Friday, October 14, 2011


After the 2008 election, some people who supported Barack Obama told me they were shocked -- SHOCKED! -- when he actually did some of the things he said he'd do in the campaign.

When I challenged them with, "Didn't he say he'd do that?" the usual response was, "Well, I didn't think he would."

I don't want to be that guy. But, I'm thinking I may turn out to be that guy.

I'm supporting Herman Cain. The parallel with Barack Obama should be obvious.

No, not the black thing. Cain grew up black, Obama was raised by a bunch of crazy white folk. If elected, Cain would be America's first black president.

No, what I'm talking about is: 9-9-9.

I like a lot of things about Herman Cain, but I don't like the 9-9-9 plan.

On the face of it, that seems odd, since that's all you hear about Cain.

The two biggest things I like about Cain are:
  • He's a successful businessman, and we need someone in the White House that understands business. Without that, the economy will, well, do what it's doing today.
  • He's a conservative. That means that, when situations arise, I'll more than likely be satisfied with how he handles it.
Those two items are the most important thing about Cain. When compared to the other candidates, he's strongest on these two qualifications. And that's enough for me.

But, what I don't like is the 9-9-9 plan. Or the 9 part. No, that 9. The other one. No, that that one. The other one. Yes, that one. The national sales tax.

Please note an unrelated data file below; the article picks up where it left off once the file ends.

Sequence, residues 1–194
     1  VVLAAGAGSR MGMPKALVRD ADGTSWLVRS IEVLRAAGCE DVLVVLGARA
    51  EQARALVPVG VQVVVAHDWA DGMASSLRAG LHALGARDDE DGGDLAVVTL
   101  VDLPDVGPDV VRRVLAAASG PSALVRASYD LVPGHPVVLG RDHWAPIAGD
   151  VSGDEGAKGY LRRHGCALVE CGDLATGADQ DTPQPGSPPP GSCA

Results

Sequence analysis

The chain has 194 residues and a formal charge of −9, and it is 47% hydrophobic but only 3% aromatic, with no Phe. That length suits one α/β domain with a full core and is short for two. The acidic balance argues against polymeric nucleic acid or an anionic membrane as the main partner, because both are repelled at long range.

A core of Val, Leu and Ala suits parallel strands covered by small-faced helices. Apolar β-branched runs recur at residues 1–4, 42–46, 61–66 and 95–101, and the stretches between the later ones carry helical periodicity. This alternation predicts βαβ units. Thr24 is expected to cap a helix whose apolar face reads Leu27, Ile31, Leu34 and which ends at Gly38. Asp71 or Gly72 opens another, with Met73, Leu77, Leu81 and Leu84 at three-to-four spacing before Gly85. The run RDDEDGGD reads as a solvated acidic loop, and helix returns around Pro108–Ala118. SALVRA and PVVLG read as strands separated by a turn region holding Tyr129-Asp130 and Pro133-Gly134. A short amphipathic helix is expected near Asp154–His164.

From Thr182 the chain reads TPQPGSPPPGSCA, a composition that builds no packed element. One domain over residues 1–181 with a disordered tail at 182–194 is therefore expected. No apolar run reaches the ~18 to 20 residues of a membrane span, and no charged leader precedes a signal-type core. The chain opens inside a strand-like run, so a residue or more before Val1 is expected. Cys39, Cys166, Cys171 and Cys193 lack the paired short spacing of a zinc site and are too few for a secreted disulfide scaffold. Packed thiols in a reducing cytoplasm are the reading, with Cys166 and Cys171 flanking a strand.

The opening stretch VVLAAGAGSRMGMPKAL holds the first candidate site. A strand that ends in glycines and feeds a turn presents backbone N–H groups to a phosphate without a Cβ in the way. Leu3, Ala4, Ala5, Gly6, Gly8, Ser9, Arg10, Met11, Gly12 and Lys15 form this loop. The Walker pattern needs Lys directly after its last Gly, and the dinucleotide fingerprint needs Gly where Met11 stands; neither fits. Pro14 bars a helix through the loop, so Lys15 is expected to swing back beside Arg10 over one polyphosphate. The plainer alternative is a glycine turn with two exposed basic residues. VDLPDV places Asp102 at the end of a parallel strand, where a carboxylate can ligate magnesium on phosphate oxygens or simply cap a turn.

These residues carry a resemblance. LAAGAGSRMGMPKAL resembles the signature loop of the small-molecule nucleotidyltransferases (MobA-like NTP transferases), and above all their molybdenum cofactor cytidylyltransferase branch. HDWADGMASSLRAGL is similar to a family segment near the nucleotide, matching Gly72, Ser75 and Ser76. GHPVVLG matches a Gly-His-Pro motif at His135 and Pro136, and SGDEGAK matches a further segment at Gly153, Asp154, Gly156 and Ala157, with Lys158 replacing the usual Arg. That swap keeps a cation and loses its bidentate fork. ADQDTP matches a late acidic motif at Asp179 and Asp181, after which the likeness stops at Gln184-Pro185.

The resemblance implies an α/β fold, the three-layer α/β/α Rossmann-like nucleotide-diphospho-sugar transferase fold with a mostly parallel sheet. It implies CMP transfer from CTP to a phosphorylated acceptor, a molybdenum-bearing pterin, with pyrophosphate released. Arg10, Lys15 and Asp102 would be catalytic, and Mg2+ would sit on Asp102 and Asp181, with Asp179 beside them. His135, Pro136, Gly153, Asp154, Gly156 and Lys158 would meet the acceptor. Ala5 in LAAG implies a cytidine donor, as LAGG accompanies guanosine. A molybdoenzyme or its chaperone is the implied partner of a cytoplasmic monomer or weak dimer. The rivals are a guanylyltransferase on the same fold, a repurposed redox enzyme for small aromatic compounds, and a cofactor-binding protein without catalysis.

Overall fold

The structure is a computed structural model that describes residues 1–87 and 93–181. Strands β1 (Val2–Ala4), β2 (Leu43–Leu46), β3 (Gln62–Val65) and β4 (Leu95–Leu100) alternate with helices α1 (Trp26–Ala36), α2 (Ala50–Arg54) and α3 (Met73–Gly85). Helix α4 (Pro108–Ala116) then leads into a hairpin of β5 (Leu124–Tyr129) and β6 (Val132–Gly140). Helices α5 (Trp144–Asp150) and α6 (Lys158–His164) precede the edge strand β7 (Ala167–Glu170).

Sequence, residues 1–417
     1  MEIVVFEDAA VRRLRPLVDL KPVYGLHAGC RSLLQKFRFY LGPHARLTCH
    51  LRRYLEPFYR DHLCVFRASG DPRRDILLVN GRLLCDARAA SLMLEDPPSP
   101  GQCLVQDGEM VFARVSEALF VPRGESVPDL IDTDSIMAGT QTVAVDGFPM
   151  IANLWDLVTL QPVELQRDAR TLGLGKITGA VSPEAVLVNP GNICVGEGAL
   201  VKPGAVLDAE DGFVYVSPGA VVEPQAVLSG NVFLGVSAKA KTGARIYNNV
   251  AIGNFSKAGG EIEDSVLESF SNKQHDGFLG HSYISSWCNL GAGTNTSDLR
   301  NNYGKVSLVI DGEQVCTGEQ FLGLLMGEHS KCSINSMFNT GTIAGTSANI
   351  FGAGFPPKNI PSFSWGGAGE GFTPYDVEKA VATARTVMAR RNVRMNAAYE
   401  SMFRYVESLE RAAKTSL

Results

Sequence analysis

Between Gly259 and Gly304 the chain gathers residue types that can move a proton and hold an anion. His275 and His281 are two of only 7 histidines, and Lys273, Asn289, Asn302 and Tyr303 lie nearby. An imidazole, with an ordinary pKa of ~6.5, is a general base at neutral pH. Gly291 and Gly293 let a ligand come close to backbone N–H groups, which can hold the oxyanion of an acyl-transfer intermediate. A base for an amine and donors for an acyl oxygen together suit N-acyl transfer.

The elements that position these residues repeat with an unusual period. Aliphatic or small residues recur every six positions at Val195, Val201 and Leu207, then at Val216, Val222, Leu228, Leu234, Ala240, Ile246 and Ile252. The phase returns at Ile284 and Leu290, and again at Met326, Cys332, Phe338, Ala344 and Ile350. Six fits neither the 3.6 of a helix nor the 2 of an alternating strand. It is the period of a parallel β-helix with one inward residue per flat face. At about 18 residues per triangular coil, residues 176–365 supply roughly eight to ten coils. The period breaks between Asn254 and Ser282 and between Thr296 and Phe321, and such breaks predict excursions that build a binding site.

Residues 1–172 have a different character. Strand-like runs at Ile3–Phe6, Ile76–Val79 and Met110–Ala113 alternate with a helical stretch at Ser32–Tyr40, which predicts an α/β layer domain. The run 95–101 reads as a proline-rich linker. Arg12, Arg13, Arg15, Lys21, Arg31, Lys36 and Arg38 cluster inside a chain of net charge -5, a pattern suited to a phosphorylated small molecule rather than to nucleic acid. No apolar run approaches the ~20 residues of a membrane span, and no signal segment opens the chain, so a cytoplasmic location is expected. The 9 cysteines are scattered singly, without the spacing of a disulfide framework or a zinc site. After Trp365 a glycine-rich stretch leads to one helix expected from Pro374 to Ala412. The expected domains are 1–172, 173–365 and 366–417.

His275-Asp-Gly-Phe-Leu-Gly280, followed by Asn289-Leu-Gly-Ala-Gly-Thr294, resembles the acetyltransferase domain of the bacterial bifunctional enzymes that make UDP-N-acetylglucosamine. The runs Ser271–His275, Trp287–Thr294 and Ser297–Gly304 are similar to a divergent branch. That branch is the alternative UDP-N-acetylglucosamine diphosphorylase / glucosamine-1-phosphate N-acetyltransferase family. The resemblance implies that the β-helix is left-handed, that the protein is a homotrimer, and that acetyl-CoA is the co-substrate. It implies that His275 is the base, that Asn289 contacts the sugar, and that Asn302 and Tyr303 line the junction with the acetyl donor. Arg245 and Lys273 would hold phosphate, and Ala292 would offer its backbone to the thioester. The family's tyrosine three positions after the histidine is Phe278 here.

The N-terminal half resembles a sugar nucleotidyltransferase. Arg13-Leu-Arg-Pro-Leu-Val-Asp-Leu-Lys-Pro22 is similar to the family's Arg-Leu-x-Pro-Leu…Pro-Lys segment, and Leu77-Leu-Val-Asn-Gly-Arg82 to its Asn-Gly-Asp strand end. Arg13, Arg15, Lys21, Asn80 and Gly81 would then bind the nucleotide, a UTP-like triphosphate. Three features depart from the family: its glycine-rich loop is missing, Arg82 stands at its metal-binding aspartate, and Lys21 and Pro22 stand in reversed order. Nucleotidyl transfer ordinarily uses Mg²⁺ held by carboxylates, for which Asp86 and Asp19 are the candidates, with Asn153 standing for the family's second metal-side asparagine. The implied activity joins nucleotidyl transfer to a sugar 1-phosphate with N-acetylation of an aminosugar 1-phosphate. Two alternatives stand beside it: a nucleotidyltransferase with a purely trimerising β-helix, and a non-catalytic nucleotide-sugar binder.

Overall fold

Here's the plan:
  • Business Flat Tax – 9%
    • Gross income less all investments, all purchases from other businesses and all dividends paid to shareholders.
    • Empowerment Zones will offer additional deductions for payroll employed in the zone.
  • Individual Flat Tax – 9%.
    • Gross income less charitable deductions.
    • Empowerment Zones will offer additional deductions for those living and/or working in the zone.
  • National Sales Tax – 9%.
    • This gets the Fair Tax off the sidelines and into the game.
Flat tax rates for business and individuals is a good thing. If you make twice the money, you pay twice the taxes. It's that national sales tax that I don't like.

Opening up one more way for the government to get our money? That's a no-go. You start a new tax, you'll never get rid of it. It took over 100 years for the government to stop billing you for the Spanish-American War.

The saving grace is, a national sales tax may be unconstitutional. If there will be a tax on everything sold, what about land? If you sell property, does the national sales tax apply? If so, it could run into the same problems brought up in Pollock v. Farmers' Loan & Trust Co., which ruled that income tax was unconstitutional, and was the impetus for the 16 Amendment to the Constitution. A national sales tax may require another amendment. And I don't want another amendment; every time somebody touches the Constitution, they screw things up. Well, not every time, but in the last 100 years. We don't need another 18th Amendment fiasco, for instance.

The thing most people know about Herman Cain, 9-9-9 plan, is just about the only thing I don't like about his platform. I do want tax reform; I just don't like the national sales tax portion of that plan.

I still support Cain for president. I hope he wins. But, when it comes time to implement 9-9-9, I hope he fails.

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